May 8-13, 2016
The generation of genetically engineered production CHO cell lines is normally the longest step in the race to scale-up protein manufacturing. This labor-intensive screening includes the expansion of hundreds of clonal cultures to sufficient numbers for their growth and productivity to be evaluated. Unfortunately, many clones that perform well when screened at the batch cloning stage display reduced performance under fed-batch conditions. Thus, screening potential clones under conditions more similar to the ultimate production cultures provides an opportunity for more effective clone selection.
We combined the advantages of precise measurements in microfluidic nL volume cultures with our ability to modify the medium during cultures where clones are retained in thousands of isolated chambers. Our bead assay coupled with an automated image analysis pipeline quickly and reproducibly detected as little as 106 human IgG molecules in 4 nL chambers after 2 h of incubation. Thus, it is possible to evaluate the production of a single high performance CHO cell at the very start of the microfluidic culture. To further evaluate the performance of CHO-S clones under production conditions, we perfused media from untransfected parental CHO-S fed-batch cultures into the microfluidic device daily. This conditioned medium perfusion technique was developed using an automated robotic 24-well deep well plate culture system to demonstrate that clones in perfused fed-batch medium matched the growth profiles and specific productivities of those in larger scale fed-batches. This was replicated for multiple clonal CHO-S and CHO-K1 cell lines. Analysis of both the growth rate and productivity of the microfluidic cultures enabled the screening of hundreds of cultures in parallel under simulated fed-batch conditions. The dynamic nature of our microfluidic assay coupled with the perfusion of conditioned medium in nanoliter volumes enables more rapid and effective characterization of clonal CHO cell performance, thereby accelerating progress towards the manufacturing of valuable products.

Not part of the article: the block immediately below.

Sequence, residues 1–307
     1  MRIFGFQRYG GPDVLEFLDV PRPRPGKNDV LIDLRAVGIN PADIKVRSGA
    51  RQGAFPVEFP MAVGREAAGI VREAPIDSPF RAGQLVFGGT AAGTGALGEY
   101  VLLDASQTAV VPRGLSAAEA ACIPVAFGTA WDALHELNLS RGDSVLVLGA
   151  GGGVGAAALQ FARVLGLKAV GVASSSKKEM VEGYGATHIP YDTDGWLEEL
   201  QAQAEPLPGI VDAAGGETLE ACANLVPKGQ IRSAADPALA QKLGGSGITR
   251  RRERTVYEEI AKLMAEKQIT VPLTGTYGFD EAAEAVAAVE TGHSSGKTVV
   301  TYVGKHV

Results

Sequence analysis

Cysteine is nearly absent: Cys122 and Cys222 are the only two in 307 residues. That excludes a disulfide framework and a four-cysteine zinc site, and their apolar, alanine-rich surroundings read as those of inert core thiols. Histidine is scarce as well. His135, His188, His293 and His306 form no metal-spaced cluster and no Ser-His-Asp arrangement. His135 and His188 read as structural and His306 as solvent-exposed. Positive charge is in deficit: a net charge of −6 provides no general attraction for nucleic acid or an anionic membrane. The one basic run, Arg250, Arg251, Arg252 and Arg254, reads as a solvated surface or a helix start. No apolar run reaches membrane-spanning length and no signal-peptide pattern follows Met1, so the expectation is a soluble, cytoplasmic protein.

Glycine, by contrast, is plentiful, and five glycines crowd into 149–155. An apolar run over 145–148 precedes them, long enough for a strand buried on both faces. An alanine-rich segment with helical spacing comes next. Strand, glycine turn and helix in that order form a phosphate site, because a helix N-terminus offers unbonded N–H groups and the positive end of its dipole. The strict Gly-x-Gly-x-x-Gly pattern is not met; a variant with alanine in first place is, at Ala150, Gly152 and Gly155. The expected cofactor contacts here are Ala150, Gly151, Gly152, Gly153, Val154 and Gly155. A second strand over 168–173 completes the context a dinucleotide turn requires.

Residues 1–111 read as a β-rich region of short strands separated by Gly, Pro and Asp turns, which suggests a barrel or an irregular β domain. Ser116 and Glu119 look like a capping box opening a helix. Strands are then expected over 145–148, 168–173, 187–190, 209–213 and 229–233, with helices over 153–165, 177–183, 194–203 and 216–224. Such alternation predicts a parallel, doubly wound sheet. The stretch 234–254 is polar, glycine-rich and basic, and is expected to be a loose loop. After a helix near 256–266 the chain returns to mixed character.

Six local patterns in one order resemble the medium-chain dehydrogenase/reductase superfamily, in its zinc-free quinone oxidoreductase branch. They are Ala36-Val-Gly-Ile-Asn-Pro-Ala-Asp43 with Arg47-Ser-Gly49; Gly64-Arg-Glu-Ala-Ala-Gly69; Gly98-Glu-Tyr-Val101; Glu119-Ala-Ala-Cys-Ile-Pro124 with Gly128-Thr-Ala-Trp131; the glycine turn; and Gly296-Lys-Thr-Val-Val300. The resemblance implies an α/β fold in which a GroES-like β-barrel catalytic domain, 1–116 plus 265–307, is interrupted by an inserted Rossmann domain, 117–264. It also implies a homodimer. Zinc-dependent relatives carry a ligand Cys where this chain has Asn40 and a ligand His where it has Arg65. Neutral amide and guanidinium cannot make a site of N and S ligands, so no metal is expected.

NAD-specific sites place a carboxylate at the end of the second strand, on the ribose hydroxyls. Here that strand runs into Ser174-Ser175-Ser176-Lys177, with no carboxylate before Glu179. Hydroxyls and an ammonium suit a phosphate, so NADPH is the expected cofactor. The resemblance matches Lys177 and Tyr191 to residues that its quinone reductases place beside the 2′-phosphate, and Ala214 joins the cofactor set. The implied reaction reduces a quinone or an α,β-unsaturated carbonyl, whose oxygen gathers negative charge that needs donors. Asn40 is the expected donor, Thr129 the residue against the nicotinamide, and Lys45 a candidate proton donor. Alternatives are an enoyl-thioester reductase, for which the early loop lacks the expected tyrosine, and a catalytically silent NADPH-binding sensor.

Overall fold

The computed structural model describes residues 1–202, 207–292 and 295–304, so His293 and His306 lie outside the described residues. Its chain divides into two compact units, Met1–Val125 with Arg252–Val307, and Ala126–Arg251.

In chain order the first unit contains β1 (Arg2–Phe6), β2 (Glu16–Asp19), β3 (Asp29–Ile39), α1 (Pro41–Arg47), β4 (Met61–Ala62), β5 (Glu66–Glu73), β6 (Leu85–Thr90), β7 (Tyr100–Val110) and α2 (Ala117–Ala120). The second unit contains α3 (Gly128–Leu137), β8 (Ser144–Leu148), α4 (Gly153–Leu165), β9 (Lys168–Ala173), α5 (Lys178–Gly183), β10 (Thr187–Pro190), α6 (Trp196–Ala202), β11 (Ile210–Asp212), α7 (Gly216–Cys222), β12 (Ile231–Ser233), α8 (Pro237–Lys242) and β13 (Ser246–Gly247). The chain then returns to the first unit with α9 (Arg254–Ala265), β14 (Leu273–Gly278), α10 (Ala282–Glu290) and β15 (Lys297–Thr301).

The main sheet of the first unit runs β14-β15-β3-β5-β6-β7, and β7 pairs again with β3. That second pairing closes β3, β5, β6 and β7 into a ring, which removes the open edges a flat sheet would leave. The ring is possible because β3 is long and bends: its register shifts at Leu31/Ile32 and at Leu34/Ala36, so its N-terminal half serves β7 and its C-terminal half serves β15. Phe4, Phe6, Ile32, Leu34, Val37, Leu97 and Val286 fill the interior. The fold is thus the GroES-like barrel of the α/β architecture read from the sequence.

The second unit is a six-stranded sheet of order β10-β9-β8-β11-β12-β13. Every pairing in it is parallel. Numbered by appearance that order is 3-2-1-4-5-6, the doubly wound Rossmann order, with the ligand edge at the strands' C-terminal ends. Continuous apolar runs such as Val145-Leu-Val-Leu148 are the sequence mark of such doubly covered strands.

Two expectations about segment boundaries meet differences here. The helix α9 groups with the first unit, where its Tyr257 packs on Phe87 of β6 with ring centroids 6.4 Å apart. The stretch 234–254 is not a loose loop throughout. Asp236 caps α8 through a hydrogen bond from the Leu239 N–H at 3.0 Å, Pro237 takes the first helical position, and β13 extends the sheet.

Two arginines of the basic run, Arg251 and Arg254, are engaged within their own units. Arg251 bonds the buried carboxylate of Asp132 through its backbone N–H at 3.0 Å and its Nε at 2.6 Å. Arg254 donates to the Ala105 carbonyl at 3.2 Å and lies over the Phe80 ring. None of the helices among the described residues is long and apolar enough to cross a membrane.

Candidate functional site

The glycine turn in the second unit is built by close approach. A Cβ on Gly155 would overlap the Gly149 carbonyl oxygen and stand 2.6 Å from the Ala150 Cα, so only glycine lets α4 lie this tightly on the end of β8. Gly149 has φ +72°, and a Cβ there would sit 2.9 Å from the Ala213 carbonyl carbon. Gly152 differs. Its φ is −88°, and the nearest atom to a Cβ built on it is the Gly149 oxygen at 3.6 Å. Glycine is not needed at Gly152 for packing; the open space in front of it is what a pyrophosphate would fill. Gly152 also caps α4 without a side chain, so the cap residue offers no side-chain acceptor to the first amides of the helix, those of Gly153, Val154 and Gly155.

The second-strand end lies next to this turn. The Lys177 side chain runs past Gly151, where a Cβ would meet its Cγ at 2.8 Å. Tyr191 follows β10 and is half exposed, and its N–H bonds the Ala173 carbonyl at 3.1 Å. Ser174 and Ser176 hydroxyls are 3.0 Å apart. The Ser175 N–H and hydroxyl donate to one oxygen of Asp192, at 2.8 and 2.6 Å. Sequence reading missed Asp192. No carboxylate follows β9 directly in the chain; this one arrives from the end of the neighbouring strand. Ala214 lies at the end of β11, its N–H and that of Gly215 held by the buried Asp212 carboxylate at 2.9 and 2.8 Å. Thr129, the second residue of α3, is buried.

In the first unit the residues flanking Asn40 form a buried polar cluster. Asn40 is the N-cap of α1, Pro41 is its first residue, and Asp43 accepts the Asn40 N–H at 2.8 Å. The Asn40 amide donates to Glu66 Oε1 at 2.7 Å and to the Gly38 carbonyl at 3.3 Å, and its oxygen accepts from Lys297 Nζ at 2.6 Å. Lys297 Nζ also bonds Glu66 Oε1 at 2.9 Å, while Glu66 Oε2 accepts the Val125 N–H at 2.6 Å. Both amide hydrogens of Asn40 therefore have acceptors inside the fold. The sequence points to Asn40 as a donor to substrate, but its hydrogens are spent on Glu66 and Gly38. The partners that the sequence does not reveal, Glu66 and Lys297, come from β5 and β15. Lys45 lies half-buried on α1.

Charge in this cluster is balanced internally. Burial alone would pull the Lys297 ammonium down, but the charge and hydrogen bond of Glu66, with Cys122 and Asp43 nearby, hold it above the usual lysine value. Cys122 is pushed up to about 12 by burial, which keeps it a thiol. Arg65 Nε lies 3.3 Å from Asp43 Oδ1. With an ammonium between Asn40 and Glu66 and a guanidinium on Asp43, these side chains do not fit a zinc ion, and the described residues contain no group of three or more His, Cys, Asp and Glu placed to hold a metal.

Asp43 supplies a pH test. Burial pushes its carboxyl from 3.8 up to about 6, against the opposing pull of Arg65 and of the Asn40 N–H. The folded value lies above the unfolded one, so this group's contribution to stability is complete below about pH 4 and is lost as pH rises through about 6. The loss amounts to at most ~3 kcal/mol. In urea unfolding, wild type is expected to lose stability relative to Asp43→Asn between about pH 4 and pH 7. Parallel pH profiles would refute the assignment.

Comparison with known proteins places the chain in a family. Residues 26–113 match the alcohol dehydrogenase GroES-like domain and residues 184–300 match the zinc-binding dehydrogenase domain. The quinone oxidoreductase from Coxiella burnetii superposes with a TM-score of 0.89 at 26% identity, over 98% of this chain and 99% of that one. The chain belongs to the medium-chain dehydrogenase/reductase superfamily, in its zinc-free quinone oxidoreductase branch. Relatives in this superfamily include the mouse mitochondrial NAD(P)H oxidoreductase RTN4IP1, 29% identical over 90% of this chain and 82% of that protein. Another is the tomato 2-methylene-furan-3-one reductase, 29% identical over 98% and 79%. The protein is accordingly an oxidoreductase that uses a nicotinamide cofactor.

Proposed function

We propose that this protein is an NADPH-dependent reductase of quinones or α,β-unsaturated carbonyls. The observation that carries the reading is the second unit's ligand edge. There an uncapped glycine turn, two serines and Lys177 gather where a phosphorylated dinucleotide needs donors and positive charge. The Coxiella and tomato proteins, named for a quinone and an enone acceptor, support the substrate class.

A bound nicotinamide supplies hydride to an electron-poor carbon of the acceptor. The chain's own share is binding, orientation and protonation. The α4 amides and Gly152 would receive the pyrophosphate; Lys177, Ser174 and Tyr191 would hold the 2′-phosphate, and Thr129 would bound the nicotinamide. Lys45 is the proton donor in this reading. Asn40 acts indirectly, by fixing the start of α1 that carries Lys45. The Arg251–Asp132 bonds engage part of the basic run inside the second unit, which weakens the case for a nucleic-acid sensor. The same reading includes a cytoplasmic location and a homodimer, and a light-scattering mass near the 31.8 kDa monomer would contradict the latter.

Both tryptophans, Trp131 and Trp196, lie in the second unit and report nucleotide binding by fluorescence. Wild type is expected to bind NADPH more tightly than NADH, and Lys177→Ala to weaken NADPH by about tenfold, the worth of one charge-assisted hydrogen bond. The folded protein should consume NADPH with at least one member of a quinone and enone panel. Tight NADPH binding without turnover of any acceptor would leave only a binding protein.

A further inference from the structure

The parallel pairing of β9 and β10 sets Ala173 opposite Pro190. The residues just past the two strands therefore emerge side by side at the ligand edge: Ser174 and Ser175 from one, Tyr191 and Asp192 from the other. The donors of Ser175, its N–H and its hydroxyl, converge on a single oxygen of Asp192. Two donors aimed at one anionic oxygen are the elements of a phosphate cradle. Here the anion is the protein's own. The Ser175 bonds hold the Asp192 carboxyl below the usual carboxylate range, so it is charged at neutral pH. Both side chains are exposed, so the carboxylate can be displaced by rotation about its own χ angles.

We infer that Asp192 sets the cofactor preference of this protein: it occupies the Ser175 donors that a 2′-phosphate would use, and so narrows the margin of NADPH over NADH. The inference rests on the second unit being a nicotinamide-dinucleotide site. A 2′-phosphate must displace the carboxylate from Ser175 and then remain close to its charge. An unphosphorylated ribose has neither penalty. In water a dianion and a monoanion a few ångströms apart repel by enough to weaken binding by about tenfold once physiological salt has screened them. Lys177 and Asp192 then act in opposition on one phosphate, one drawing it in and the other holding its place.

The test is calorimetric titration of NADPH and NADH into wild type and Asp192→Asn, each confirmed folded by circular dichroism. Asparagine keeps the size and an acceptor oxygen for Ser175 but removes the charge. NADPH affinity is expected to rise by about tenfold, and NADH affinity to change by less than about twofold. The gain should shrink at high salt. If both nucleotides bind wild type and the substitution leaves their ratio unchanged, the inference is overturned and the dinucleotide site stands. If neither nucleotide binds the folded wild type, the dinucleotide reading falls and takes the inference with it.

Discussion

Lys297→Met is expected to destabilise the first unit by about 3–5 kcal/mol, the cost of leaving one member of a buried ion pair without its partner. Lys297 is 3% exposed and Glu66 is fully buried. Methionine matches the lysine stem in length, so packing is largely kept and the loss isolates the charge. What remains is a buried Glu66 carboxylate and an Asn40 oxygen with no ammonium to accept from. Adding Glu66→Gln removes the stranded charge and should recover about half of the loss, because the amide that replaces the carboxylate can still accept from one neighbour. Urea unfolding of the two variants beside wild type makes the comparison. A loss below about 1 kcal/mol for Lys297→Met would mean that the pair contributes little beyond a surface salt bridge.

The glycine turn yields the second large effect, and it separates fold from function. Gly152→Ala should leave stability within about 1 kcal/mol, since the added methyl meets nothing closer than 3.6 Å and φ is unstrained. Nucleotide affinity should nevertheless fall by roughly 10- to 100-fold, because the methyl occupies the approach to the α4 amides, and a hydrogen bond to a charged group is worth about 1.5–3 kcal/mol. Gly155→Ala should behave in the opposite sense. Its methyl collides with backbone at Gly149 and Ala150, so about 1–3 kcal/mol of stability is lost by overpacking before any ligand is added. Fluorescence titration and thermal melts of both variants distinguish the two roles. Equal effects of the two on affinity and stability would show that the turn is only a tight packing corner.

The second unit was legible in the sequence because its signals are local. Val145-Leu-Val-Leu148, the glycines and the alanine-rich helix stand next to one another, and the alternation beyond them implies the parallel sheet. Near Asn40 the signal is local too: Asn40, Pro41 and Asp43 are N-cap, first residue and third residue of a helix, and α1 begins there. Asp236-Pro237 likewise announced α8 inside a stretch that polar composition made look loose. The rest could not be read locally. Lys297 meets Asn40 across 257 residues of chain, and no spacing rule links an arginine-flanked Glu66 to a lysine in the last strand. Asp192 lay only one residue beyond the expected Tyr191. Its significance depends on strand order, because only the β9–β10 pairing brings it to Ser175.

Darek Sikorski, "Microfluidic accelerated evaluation of CHO cell clones by perfusion of fed-batch conditioned media" in "Cell Culture Engineering XV", Robert Kiss, Genentech Sarah Harcum, Clemson University Jeff Chalmers, Ohio State University Eds, ECI Symposium Series, (2016). http://dc.engconfintl.org/cellculture_xv/67